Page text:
The first nuclear power plant in Egypt, El-Dabaa, is set to bring about thousands of jobs, political, social and economic gains.
Around 300 jobs have been announced by the Nuclear Power Plants Authority in a range of fields, some of which will be at El-Dabaa power plant and others in Cairo.
A total of 3,000 jobs will be offered directly by the authority to work at the nuclear power plant. More than 6,000 jobs will be offered directly by contractors, and five times more jobs will have been made available indirectly by Egyptian companies by the time the construction of the project ends, according to Amgad al-Wakil, head of the Nuclear Power Plants Authority.
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All tests for the jobs will be online to prevent nepotism and to select the best applicants to work in such a national mega project, Wakil said.
The next three phases for the nuclear power plant will witness the operation of three reactors at 1,200MW each, which would reduce the Egyptian and Russian staff needed at the plant.
Dabaa Nuclear Power Plant will provide job opportunities and bring about political, social, and economic gains, radically changing the reality of El-Dabaa area.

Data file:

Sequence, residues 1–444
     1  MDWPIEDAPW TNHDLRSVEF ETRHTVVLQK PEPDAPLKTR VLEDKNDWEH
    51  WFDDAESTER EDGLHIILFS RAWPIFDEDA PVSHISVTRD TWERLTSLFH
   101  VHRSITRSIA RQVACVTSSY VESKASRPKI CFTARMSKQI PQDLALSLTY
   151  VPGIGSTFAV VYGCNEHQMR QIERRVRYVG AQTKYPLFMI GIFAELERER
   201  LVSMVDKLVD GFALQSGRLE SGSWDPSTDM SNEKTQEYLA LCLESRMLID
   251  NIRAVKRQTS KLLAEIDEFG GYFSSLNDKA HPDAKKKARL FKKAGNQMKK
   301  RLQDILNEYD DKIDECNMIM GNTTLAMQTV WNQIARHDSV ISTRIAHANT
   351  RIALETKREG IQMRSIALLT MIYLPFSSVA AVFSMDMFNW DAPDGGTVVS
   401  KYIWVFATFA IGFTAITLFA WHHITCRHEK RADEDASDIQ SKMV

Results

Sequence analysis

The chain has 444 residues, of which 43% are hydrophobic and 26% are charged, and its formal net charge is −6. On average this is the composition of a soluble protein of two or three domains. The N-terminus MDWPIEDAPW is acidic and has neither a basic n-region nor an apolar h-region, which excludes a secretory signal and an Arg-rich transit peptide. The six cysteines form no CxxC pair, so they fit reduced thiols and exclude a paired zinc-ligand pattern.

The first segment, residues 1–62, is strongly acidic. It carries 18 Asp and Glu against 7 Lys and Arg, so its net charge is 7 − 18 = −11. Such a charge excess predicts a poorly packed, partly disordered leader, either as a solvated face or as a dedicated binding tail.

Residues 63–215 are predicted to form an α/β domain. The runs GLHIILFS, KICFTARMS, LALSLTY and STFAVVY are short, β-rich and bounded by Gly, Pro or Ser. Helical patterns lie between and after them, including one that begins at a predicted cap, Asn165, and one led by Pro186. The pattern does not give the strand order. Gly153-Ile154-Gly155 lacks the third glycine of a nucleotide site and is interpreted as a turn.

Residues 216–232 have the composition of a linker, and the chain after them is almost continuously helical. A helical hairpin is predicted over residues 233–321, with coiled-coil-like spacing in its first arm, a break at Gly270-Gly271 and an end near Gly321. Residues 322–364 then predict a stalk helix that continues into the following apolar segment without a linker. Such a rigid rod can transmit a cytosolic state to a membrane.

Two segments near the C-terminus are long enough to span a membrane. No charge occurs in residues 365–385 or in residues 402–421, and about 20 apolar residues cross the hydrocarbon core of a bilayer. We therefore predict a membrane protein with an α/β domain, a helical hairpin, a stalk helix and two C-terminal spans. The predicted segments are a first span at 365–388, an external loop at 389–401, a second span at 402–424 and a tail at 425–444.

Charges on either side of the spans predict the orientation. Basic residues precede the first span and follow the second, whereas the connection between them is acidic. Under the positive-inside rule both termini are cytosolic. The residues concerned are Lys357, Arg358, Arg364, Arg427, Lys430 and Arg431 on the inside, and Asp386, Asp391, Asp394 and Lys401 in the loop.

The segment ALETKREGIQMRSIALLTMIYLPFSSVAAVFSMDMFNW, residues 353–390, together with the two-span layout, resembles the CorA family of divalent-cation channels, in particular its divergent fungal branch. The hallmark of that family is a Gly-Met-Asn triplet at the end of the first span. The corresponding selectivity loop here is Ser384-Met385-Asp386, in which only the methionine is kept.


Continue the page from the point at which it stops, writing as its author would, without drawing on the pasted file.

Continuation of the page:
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The El-Dabaa area will see eight nuclear power stations built over eight phases. The first includes a station of four reactors to general power at 1,200MW, which makes the capacity of the station 4,800MW.
The power plant whose capacity amounts to 4,800MW will provide direct and many more indirect opportunities.
According to the World Nuclear Association, in April 2019 the Nuclear Power Plants Authority (NPPA) received a site approval permit for the El-Dabaa site from the Egyptian Nuclear Regulation and Radiological Authority (ENRRA).
In December 2019 the NPPA signed a further contract with Worley (formerly WorleyParsons) to serve as a consultant for the El-Dabaa project to 2030, providing technical support for the NPPA’s design review, project management, procurement, construction management, training, procedure development, quality assurance and commissioning of the plant.
The planned units at El-Dabaa are designated as V-529, a warm-water version of the V-491 units at Leningrad II.
As well as addressing power supplies, the NPPA expects to build four nuclear desalination plants.
In November 2019 the IAEA concluded an integrated nuclear infrastructure review (INIR) undertaken at government invitation.
In August 2020 the NPPA said it expected a construction permit to be issued in the second half of 2021.
In February 2021 representatives from the Russian and Egyptian governments reported that the COVID-19 pandemic had slowed preparations at the site, and by May 2021 the expectation was that a construction permit for unit 1 would be issued in July 2022.